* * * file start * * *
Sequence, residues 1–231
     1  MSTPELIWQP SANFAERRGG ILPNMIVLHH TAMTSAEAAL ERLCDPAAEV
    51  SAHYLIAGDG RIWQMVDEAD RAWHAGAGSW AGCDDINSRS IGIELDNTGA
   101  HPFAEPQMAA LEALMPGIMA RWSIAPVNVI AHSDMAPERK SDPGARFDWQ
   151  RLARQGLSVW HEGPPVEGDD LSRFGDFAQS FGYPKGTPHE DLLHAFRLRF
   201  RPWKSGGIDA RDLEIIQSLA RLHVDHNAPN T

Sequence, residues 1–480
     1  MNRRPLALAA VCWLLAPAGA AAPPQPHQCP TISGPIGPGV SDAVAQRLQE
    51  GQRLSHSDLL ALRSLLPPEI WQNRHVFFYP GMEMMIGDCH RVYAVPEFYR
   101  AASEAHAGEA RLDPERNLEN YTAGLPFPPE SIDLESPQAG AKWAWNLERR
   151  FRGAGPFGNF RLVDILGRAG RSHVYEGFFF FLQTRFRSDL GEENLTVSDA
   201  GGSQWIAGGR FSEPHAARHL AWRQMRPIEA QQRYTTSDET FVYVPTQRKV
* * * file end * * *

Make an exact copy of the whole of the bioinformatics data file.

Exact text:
Sequence, residues 1–231
     1  MSTPELIWQP SANFAERRGG ILPNMIVLHH TAMTSAEAAL ERLCDPAAEV
    51  SAHYLIAGDG RIWQMVDEAD RAWHAGAGSW AGCDDINSRS IGIELDNTGA
   101  HPFAEPQMAA LEALMPGIMA RWSIAPVNVI AHSDMAPERK SDPGARFDWQ
   151  RLARQGLSVW HEGPPVEGDD LSRFGDFAQS FGYPKGTPHE DLLHAFRLRF
   201  RPWKSGGIDA RDLEIIQSLA RLHVDHNAPN T

Sequence, residues 1–480
     1  MNRRPLALAA VCWLLAPAGA AAPPQPHQCP TISGPIGPGV SDAVAQRLQE
    51  GQRLSHSDLL ALRSLLPPEI WQNRHVFFYP GMEMMIGDCH RVYAVPEFYR
   101  AASEAHAGEA RLDPERNLEN YTAGLPFPPE SIDLESPQAG AKWAWNLERR
   151  FRGAGPFGNF RLVDILGRAG RSHVYEGFFF FLQTRFRSDL GEENLTVSDA
   201  GGSQWIAGGR FSEPHAARHL AWRQMRPIEA QQRYTTSDET FVYVPTQRKV